said most of the original shows that were to headline the launch of its Peacock streaming service likely won’t be ready until 2021—another setback for a platform already coping with the postponement of the Tokyo Olympics to next year.
“The majority of our original productions, like virtually all productions across the world, have been paused,” said Matt Strauss, chairman of Peacock, in a call to the press on Tuesday during which he discussed the challenges created by the global coronavirus pandemic. Mr. Strauss said the service would have a “materially limited slate and launch in 2020.”
NBCUniversal’s Peacock, which will become available starting Wednesday to Comcast customers and to the broader public on July 15, will have to rely on classic shows including “30 Rock,” “Parks and Recreation” and the “Law and Order” franchise to attract viewers for now.
When Comcast introduced Peacock in January, it unveiled a star-studded lineup of original content featuring Alec Baldwin, Jamie Dornan, Christian Slater and Demi Moore. Coming shows include a new version of “Battlestar Galactica,” and “Girls5Eva,” a series produced by Tina Fey, as well as “Brave New World”—based on the Aldous Huxley novel—starring Ms. Moore.
The status of those series’ launches remains unclear due to the coronavirus pandemic, but Mr. Strauss said “heading into 2021 Peacock will launch more originals.”
Mr. Strauss said he was optimistic that some original series, like the reboots of “Punky Brewster” and “Saved By the Bell,” could still debut on Peacock in 2020—although the company said it is too early to tell how long productions will be postponed.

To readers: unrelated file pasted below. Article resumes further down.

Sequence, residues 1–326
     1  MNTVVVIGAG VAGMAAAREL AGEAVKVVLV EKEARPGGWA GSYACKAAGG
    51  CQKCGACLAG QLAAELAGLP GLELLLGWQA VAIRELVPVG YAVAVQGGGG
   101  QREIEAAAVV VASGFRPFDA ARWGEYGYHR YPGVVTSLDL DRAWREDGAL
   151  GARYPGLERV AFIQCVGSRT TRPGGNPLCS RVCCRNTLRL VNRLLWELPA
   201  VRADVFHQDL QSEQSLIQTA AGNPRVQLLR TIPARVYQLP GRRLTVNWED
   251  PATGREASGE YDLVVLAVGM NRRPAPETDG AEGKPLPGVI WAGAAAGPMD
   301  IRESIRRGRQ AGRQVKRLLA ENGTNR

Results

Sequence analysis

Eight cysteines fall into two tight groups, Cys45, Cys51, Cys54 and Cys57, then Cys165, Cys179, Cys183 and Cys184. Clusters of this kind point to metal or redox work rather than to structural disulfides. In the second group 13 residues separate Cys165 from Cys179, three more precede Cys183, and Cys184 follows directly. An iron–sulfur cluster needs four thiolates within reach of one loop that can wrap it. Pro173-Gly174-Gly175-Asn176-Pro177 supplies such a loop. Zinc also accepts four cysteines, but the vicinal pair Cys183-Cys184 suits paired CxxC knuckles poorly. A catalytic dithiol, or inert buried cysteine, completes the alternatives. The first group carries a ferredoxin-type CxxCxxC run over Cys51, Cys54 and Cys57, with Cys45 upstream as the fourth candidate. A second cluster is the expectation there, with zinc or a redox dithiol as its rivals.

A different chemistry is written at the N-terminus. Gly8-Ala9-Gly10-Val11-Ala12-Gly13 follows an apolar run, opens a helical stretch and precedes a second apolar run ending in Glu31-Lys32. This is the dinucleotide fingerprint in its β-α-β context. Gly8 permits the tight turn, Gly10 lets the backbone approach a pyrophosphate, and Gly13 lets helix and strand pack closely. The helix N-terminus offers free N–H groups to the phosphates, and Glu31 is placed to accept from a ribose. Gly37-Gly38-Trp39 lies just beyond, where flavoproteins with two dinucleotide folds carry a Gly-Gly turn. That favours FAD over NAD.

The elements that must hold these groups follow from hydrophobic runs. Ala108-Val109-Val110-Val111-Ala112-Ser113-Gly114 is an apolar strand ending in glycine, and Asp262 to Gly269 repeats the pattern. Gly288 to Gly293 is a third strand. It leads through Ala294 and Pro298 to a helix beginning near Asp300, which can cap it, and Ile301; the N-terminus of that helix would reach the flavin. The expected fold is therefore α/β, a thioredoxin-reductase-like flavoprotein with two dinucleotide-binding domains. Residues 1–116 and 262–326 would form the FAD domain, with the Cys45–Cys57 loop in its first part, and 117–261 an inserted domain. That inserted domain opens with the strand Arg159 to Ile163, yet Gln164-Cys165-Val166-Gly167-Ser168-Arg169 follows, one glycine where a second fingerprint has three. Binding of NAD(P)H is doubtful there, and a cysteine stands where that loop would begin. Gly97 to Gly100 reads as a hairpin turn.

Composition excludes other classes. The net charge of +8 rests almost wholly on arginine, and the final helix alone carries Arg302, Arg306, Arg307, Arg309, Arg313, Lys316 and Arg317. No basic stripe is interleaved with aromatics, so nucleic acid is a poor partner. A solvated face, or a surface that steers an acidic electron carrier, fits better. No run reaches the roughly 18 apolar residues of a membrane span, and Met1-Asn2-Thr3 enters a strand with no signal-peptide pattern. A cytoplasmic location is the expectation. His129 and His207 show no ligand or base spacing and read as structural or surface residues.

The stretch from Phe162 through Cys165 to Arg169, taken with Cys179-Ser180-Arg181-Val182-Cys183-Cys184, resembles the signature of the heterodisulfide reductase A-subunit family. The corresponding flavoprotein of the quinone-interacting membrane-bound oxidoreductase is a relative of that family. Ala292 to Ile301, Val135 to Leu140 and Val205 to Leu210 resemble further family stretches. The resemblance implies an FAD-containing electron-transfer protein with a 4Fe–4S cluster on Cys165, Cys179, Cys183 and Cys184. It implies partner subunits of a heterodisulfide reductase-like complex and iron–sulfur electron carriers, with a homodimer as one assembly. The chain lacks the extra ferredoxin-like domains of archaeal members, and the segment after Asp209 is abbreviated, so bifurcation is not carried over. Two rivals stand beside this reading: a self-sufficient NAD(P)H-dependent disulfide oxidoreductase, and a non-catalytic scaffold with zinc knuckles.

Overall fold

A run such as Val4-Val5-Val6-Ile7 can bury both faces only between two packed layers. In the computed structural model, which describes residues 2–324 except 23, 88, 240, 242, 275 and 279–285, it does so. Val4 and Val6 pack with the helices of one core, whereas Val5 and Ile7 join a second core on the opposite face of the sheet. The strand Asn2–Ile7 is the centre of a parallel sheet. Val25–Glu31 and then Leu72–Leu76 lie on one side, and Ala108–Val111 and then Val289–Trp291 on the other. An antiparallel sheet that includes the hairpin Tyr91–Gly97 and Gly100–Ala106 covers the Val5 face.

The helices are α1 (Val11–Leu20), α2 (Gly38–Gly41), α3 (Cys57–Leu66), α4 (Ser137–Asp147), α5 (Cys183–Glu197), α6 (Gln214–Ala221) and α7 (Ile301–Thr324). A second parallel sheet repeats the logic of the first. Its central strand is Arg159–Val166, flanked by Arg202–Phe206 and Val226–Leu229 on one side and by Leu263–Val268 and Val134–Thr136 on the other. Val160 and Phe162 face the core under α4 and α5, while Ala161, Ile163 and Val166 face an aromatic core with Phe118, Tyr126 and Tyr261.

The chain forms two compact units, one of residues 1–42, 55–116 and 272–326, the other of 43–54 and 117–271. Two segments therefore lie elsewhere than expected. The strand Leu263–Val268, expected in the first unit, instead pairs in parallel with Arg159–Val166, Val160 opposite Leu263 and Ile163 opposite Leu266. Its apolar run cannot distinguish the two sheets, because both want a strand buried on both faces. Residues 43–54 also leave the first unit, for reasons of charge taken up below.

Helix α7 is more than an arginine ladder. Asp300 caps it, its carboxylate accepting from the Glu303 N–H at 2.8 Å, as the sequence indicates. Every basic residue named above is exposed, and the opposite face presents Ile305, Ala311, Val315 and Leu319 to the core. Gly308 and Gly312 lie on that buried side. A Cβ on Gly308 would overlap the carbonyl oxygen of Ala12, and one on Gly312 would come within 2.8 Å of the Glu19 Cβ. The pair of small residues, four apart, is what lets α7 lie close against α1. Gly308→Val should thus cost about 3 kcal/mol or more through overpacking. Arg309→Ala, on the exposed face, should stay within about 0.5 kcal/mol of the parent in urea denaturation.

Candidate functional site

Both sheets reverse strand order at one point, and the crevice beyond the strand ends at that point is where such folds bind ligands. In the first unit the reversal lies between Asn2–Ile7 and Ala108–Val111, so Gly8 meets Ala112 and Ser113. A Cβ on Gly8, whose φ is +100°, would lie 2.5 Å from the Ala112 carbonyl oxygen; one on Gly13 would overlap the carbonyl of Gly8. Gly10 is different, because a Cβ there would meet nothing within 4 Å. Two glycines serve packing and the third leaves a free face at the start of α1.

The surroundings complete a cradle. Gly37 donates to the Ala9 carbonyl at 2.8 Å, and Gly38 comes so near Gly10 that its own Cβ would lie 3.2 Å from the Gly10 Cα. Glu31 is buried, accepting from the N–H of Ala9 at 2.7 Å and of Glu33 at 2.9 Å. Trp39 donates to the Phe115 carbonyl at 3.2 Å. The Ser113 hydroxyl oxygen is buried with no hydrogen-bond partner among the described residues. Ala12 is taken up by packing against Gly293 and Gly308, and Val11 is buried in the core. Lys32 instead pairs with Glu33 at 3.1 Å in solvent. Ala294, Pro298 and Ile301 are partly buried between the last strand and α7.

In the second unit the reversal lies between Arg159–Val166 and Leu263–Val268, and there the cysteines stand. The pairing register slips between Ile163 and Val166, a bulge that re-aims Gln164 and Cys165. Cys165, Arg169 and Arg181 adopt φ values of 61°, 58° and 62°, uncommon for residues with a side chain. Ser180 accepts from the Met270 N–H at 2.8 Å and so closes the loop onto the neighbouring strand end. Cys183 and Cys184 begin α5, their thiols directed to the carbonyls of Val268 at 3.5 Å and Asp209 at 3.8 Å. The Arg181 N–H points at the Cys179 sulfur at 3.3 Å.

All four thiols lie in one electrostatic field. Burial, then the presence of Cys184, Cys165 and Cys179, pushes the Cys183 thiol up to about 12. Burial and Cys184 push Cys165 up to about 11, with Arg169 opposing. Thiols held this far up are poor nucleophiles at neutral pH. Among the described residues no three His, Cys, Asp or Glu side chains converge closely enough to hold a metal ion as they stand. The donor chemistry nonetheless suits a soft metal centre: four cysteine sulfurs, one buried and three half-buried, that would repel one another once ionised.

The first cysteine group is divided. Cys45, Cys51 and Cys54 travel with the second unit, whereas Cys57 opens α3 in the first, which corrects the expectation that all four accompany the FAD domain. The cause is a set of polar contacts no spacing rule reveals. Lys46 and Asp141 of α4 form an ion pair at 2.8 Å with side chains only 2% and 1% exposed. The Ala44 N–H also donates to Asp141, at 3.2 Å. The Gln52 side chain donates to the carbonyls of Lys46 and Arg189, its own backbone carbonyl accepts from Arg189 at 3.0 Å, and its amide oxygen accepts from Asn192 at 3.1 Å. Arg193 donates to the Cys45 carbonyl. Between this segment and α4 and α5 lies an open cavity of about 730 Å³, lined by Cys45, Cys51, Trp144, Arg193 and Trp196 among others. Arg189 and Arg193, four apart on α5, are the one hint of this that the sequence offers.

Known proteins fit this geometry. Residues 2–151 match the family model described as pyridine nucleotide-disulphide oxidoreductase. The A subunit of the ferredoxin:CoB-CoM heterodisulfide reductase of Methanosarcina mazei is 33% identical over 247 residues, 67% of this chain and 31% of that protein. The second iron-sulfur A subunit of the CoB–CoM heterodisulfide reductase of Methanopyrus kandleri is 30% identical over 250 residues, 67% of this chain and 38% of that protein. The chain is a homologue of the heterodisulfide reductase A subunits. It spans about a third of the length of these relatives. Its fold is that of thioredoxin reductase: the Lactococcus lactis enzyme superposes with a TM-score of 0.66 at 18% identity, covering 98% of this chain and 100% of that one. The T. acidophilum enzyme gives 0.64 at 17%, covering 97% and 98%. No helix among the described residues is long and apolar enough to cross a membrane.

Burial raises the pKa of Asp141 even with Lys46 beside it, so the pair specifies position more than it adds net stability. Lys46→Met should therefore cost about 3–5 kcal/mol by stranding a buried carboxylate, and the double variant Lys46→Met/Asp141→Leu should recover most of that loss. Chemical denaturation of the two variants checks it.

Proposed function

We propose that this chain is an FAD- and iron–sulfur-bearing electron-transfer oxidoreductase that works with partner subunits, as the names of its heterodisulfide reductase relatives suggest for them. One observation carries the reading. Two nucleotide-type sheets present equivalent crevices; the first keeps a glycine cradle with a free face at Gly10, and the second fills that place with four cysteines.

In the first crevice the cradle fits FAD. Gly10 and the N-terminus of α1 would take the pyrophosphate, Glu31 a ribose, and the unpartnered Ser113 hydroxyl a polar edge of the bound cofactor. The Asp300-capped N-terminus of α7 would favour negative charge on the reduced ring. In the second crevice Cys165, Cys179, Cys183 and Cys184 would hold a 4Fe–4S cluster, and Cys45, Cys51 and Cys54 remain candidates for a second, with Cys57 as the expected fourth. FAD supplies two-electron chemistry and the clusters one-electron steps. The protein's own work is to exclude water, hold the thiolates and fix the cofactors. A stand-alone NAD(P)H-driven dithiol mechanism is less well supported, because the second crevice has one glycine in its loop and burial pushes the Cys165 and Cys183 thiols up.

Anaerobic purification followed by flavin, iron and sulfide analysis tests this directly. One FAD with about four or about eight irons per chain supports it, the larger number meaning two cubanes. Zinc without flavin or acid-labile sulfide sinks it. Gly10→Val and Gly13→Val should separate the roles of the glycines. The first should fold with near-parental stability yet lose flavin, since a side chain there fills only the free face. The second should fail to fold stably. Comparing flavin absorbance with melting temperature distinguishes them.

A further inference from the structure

NBCUniversal now considers 2020 a runway to 2021 for Peacock, when it will have the exclusive rights to its classic comedy “The Office,” as well as the postponed Tokyo Olympics and other original programming.
Despite this, company executives believe Peacock will get a boost from the fact that many Americans are currently sheltering at home, which has sharply increased TV viewership. Another factor: An ad-supported version of the service will be free.
“Nothing is more affordable than free,” Mr. Strauss said.
Comcast is playing catch-up in the streaming fight. In November,
Walt Disney Co.
launched Disney+ for $6.99 a month, while
unveiled a $4.99 a month offering with a smaller selection of programs. That added to the existing options in a market that includes industry leader
Prime Video and CBS All Access.
HBO Max, priced at $14.99 a month, is expected to launch next month.
Unlike many of its rivals, Comcast’s Peacock is planning to rely more heavily on advertising than subscriptions. Earlier this week NBCUniversal said Peacock locked in 10 sponsors for the ad-supported service.
Comcast believes there is a need for additional advertising-supported services as the market becomes saturated with more subscription-based streaming services on top of traditional pay-TV, Chief Financial Officer Michael Cavanagh said last year.
Starting in July, a free version of Peacock will have 7,500 hours of TV shows and movies, and some sports. Peacock Premium, which will have full seasons and more programming, including sports, will be offered for $4.99 a month with commercials, while an ad-free version will be available for $9.99.
Write to Lillian Rizzo at Lillian.Rizzo@wsj.com
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